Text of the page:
Considering the Epilogue, Chapter 21 -- The great haul of fish, the supremacy of St Peter, and the death of St. John.
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Catholic Commentary on the Gospel of St John
Session 12 – Epilogue and Review
I. The Epilogue of St. John’s Gospel, Chapter 21
Many other signs also did Jesus in the sight of his disciples, which are not written in this book. But these are written, that you may believe that Jesus is the Christ, the Son of God: and that believing, you may have life in his name. (John 20:30-31)
A. As the Gospel began with a prologue, so St John concludes with an epilogue.
B. There is no reason to doubt that St John wrote this passage – for he often speaks of himself in the third person.
II. Why 153 Fish? - Simon Peter went up and drew the net to land, full of great fishes, one hundred and fifty-three. And although there were so many, the net was not broken. (John 21:11)
A. St. Augustine says: The catch of fish tells us of the salvation of men, but man cannot be saved without keeping the 10 commandments. But, on account of the fall, man cannot even keep the commandments without the help of grace and the 7 gifts of the Holy Spirit. Moreover, the number 7 signifies holiness, since God blessed the 7th day and made it holy (Gen 2:3). But 10 plus 7 equals 17, and if all the numbers from 1 to 17 are added together (1+2+3…+17), they equal 153. Hence, the 153 fish signify that all the elect are to be saved by the gift of grace (7) and the following of the commandments (10).
B. Or rather: St. Augustine notes that there were 7 disciples in the boat (Peter, Thomas, Nathanael, the sons of Zebedee, James and John, and two other disciples), who had all been filled with the 7 gifts of the Holy Spirit. 7 times 7 equals 49. 49 plus 1 makes the perfection of 50. Now, 3 is the number of the Trinity and also of our faith (which is founded on the Trinity); but 50 times 3 (for our faith) is 150, plus 3 (for the Trinity) is 153. Hence, the 153 fish signify the fullness of the Church (7), filled with the Holy Spirit (7), perfected (50) in her faith (3) in the most holy Trinity (3).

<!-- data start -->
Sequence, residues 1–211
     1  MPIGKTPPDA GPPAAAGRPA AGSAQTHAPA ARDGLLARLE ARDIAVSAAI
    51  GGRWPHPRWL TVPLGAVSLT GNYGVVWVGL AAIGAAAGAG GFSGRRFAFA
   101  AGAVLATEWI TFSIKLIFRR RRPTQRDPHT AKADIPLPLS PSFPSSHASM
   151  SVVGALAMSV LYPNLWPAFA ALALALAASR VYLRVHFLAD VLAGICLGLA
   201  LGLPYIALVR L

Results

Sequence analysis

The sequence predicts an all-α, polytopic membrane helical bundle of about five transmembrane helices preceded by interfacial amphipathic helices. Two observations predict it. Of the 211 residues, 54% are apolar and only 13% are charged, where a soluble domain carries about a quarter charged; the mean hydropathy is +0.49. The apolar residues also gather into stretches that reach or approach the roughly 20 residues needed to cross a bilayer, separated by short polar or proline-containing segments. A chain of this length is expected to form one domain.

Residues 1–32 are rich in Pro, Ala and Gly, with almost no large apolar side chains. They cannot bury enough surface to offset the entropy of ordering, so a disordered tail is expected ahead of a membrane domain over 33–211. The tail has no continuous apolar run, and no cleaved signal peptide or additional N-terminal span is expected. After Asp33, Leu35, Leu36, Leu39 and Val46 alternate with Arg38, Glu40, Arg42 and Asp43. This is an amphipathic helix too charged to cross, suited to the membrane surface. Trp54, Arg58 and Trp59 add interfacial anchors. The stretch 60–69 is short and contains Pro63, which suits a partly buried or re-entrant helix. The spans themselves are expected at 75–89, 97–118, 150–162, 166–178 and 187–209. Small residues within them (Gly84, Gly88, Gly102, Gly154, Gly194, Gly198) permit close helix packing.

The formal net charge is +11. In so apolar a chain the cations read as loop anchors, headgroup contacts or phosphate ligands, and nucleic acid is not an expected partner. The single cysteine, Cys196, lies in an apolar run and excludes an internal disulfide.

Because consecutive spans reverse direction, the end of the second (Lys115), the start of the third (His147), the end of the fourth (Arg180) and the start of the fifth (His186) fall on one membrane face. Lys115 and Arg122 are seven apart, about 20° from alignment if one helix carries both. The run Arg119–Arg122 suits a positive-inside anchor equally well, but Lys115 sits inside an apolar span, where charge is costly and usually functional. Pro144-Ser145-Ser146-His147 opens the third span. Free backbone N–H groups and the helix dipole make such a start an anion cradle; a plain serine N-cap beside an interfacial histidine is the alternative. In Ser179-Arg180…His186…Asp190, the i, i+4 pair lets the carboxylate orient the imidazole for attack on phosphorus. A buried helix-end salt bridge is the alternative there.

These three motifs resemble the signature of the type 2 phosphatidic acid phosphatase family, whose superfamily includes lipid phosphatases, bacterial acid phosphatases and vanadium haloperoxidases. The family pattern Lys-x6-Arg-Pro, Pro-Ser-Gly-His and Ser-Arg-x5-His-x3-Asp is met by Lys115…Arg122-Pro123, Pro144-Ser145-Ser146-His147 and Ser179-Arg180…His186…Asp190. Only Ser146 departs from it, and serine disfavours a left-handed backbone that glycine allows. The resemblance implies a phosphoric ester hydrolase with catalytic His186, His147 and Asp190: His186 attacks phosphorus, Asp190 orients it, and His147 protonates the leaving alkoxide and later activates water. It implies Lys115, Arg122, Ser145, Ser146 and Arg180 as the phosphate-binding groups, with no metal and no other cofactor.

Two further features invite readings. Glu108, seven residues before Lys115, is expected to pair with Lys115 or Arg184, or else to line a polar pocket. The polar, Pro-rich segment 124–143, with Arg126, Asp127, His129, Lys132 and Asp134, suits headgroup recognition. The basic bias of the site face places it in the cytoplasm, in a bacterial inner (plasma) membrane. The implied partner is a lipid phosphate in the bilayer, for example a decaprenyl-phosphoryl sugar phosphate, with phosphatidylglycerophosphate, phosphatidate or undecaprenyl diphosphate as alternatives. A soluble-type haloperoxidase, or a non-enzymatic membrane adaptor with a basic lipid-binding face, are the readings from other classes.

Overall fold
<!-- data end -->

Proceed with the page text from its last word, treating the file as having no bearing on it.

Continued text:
C. St. Gregory the Great says: 10 and 7 are perfect numbers, which added together make 17. This, times 3, for the perfection of faith in the Trinity, makes 51. This, times 3 again, makes 153.
D. St. Cyril breaks 153 into 100 (the great number of gentiles to be saved), plus 50 (the smaller number of Jews to be saved), plus 3 (the Trinity who saves all). Others follow St. Cyril, but modify this as follows: 100 (the multitude of married lay faithful in the Church), plus 50 (the many faithful who commit themselves later in life to continence either living as widows or living with their spouse in a brother-sister relationship), plus 3 (the precious few who commit their whole lives to celibacy as virgins) equals 153 (the whole Church taken together as a single body).
E. Perhaps most convincing of all is the theory of St. Jerome: It was thought at that time that there were only 153 species of fish in all the world. Hence, the disciples caught 153 fish, signifying that men of every class and time would be saved through the Gospel.
III. St Peter and St John - Jesus saith to him: So I will have him to remain till I come, what is it to thee? Follow thou me. This saying therefore went abroad among the brethren, that that disciple should not die. And Jesus did not say to him: He should not die; but: So I will have him to remain till I come, what is it to thee? (John 21:22-23)
A. Dante’s Divine Comedy
From Canto XXV of the Paradiso: When Dante has finished speaking with St. James, he receives the vision of St. John the Evangelist. Beatrice introduces the Beloved, then the Disciple speaks for himself.
“This is the one who lay upon the breast
Of him our Pelican; and this is he
To the great office from the cross elected.”
My Lady thus; but therefore none the more
Did move her sight from its attentive gaze
Before or afterward these words of hers.